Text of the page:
Mutliple Ceiling Fans with Remote Problems

teufelhounden91

Senior Member
I came across a new one today. I'm working on a back yard addition, some cans, some ceiling fans with light kits, sconces, downlights, etc.

THE SITUATION:

There are 3 ceiling fans total. All 3 have light kits. All three have remotes and modules .The fans are on a constant hot...no switch.

THE PROBLEM:


The fans work fine with the remote once its programmed, but the lights turn on with 2 fans, but off with the 3rd when I hit the light button "on." Then when you hit the remote button for the light "off" the lights switch (2 off, one on). I've reprogrammed and tried to get them all to work together at least 16 times. The fans always work, fan speeds and all. But the lights are always changing order. And to make things worse, they're dimmable from the remote. There are only dip-switches in the remotes. (The modules are auto-sensing). I have tried turning the dip switch off for the dimmer, and on...there's no change in result.

MY QUESTIONS:


Can I remove 2 of the modules and tie all of the fans to the output of one module so all the fans get the same signal? Are there output voltage limitations on the modules? I believe the problem to be that all 3 modules are picking up the RF signal but only when they're pointed at or pointed in the general vicinity of. The fans are too far apart to be able to point at all 3 at the same time.




Anyone ever run into this before?
 

gk351

Senior Member
I had similar problems with some Casablanca fans with wireless wall mounted switches. I tried everything and the only response i got from them was we have experienced some problems with this unit, and we have no solution. my customer has since dealt with it, and have heard nothing since.
 

teufelhounden91

Senior Member
I believe these are Ellington fans, but I can't find the paperwork for their tech support number. Haven't tried googling them yet. I'm curious though if I tie them all on the output side of the module if they'll work right. I just don't want to try it and blow a module lol.
 

Buck Parrish

Senior Member
I would chunk them and buy new ones. Try one, if it does not work, then two if it works take the others back. If not get three new ones and charge the customer. They will catch on fire if not wired correctly.
 

readydave8

remember
Would the customer consider separate remote for problem fan?

Was this problem existing from original installation, or did it used to work and now it doesn't?

I have a similiar situation coming up, keep us up to date.
 

Dennis Alwon

Moderator
Staff member
If you try and tie the three units to one remote you will eventually get them out of sync. Download the manual as I believe there is an issue with the program. We had a situation where the light would come on and then go off after a few seconds. We had to program the unit to the remote.
 

Gac66610

Senior Member
How can you say the fans are "auto sensing" if you don't have the paper work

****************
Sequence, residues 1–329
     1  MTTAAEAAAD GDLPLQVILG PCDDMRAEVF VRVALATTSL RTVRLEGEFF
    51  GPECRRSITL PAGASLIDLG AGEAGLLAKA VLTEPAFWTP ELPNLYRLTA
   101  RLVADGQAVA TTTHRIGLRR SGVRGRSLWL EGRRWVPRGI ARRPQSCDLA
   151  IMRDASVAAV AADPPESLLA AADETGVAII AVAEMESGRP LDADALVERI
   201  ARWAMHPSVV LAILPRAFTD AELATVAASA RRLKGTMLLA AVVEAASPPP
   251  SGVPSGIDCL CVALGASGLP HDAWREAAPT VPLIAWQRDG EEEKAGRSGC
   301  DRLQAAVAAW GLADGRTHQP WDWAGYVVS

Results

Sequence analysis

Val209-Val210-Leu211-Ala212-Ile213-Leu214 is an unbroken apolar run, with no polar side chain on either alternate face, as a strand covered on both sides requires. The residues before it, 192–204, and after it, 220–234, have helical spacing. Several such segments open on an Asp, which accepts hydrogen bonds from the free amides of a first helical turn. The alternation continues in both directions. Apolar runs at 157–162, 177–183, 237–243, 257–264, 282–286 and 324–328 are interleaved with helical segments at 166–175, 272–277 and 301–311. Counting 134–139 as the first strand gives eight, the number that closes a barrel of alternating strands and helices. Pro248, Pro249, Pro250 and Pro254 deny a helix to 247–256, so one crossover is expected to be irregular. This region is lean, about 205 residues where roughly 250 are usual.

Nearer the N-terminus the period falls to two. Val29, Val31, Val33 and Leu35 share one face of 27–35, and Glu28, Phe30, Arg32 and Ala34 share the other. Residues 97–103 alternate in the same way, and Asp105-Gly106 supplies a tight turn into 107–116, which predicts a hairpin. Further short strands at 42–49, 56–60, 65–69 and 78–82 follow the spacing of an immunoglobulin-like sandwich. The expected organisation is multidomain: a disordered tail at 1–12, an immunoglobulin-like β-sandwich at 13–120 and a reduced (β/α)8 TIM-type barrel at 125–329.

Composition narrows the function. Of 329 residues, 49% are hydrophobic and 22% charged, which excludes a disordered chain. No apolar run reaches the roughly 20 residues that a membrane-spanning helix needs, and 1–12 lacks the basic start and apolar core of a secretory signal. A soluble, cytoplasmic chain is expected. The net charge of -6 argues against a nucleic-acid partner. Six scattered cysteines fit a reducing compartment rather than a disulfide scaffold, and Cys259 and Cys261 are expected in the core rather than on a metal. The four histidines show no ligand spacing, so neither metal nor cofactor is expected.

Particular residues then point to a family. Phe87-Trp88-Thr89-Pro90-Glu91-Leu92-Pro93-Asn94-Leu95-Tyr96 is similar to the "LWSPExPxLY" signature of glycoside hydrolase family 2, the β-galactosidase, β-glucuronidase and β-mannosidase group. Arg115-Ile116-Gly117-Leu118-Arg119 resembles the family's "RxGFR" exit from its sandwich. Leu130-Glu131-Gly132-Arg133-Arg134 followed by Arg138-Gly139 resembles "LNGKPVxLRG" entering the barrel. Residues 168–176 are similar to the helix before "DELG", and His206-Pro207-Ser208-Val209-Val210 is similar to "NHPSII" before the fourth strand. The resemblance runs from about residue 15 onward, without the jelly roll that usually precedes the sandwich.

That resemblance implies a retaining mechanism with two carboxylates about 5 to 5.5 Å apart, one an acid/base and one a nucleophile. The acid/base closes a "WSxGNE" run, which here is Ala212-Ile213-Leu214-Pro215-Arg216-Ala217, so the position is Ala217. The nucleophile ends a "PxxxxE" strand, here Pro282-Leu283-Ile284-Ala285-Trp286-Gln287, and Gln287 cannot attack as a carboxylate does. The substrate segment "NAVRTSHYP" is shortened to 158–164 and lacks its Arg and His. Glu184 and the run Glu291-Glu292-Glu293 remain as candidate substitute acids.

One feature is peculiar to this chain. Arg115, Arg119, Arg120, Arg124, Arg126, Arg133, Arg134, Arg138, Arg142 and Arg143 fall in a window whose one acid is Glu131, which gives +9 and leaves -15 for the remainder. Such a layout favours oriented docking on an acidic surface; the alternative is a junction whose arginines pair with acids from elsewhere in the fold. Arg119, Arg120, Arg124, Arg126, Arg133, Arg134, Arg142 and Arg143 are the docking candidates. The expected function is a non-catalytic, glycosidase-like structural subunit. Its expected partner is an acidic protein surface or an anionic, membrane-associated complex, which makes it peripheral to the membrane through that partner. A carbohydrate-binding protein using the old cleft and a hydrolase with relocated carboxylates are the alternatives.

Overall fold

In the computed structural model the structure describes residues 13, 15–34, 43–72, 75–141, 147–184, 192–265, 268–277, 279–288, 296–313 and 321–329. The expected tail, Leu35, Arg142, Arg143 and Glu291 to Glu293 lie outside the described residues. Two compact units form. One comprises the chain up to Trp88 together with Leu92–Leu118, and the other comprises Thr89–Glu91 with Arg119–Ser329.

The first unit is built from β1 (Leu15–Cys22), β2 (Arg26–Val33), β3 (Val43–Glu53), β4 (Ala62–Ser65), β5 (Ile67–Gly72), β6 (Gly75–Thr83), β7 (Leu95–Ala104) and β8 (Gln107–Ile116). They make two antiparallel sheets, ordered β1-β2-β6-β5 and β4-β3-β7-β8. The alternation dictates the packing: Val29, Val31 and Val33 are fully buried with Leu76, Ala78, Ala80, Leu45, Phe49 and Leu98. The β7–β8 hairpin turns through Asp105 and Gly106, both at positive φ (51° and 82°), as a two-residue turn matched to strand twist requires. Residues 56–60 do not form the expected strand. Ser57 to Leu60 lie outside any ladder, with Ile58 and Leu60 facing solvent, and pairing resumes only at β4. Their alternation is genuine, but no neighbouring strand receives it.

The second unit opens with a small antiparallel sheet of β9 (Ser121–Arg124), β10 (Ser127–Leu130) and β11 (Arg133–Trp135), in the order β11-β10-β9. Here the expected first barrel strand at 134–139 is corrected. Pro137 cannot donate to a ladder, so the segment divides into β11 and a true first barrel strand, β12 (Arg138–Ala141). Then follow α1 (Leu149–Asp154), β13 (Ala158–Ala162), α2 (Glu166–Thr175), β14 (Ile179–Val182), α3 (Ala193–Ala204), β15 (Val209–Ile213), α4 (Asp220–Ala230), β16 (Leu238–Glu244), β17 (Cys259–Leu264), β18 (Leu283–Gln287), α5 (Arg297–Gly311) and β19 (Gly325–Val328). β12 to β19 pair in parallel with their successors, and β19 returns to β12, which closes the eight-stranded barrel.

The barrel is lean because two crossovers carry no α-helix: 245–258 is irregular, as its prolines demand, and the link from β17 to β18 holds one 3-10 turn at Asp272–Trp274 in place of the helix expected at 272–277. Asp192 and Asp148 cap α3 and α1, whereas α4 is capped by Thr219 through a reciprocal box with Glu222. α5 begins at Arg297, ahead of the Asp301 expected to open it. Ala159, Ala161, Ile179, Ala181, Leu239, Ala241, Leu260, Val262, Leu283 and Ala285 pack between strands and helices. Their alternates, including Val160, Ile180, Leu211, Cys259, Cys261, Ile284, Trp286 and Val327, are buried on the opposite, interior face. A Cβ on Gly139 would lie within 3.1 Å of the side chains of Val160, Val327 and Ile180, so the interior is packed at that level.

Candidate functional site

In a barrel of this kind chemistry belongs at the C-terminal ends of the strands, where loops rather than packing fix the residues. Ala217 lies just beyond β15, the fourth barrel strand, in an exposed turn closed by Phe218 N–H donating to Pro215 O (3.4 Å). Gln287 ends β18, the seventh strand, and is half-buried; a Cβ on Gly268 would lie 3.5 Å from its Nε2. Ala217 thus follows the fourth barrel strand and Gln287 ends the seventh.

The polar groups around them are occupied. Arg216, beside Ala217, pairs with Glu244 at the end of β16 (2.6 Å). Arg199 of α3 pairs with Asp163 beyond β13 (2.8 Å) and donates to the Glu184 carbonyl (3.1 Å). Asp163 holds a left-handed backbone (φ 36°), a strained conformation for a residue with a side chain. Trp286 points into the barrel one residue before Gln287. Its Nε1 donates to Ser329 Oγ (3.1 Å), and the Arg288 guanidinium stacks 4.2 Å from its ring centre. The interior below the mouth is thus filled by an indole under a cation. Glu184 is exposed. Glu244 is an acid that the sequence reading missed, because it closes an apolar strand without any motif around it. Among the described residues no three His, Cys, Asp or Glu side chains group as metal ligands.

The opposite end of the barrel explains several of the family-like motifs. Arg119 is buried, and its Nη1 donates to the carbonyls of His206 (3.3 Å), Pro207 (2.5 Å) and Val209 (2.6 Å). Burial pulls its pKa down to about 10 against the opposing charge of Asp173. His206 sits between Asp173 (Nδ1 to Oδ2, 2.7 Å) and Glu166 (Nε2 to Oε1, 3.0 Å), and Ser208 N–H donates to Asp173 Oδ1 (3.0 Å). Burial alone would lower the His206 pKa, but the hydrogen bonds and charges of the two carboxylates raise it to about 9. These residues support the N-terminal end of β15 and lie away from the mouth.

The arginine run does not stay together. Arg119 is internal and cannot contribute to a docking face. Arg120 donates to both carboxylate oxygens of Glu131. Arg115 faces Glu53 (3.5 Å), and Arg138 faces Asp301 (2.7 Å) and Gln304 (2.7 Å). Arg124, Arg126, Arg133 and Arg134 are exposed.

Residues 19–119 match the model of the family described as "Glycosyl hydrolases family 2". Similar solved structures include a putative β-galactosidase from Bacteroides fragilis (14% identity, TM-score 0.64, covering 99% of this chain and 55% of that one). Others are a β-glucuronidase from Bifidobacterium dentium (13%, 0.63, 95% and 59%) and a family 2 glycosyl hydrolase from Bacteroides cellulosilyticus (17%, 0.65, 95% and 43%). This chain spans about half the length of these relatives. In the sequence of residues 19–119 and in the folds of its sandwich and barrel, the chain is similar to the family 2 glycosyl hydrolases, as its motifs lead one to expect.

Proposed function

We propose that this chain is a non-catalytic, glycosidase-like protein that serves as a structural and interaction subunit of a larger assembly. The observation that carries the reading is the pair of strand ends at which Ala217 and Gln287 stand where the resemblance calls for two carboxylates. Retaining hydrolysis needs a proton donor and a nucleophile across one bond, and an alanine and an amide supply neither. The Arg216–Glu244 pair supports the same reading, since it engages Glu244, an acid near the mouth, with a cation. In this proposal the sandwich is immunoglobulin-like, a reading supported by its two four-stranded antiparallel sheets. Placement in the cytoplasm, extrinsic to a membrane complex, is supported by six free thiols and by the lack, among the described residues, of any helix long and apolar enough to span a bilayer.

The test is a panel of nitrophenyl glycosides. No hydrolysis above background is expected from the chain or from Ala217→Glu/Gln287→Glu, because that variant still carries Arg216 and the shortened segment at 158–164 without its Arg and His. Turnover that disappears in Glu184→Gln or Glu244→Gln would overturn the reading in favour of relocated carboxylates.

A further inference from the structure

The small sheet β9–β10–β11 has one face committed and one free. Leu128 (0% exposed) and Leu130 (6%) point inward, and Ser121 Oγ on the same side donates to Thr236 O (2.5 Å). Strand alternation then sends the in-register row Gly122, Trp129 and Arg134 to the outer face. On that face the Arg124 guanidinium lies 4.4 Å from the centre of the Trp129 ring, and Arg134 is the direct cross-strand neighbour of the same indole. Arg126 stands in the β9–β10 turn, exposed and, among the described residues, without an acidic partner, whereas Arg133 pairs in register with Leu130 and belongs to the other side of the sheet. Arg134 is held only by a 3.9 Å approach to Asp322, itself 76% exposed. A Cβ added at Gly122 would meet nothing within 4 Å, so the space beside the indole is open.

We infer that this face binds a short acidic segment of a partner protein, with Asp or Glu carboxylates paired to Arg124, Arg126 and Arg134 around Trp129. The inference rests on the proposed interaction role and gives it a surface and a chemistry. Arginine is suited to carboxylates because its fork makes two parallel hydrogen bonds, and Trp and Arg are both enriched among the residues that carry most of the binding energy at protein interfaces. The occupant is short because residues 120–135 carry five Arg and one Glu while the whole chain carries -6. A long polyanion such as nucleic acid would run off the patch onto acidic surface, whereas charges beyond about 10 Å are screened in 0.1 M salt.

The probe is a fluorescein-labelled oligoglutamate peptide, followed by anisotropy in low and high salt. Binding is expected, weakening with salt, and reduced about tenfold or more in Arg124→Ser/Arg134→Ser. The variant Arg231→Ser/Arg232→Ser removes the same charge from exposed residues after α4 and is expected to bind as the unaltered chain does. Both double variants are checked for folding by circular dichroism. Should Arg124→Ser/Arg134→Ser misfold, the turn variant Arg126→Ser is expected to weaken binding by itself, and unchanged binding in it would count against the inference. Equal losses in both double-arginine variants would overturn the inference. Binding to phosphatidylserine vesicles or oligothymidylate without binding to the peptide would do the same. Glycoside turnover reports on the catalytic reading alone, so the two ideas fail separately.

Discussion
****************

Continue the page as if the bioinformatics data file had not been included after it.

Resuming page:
All remote ceiling fans that I have seen or installed have Dip-switches,(exception Casablanca Intella-touch,that i can remember been along time since i installed one), either on the receiver under canopy, on top of the fan itself, or where the light kit gets installed.

You can install one remote for all fans, but the fan further away wont get the same signal strength, try standing at center fan using remote.

I have run into this using one remote for two fans, unless the user is standing the same distance (center) from both or all fans it will not work properly.

IMO I would not use one receiver to operate all three fans
 

teufelhounden91

Senior Member
I would chunk them and buy new ones. Try one, if it does not work, then two if it works take the others back. If not get three new ones and charge the customer. They will catch on fire if not wired correctly.

I don't think this is the right way to go. These are very expensive fans and everything works fine on them...they're just working in an odd order and I believe its because of the weakness of RF technology. The customer will probably stick her foot up my "teeth" if I give her that as my solution lol.

Thanks for the reply though.
 

teufelhounden91

Senior Member
Would the customer consider separate remote for problem fan?

Was this problem existing from original installation, or did it used to work and now it doesn't?

I have a similiar situation coming up, keep us up to date.

There are 3 remotes, I have tried swapping one out and the problem still remains. Also, when I turn off the breaker and turn it back on and program the remote (within 30 seconds) all 3 of the fans program together so it is impossible to try to independently program one remote for one fan because there is a faint RF signal caught by all 3 modules. These fans are roughly 7' apart in a line.

I roughed these fans in and brought a clean home run to them, so it's all new construction. It acted like this from trim out when I assembled the fans.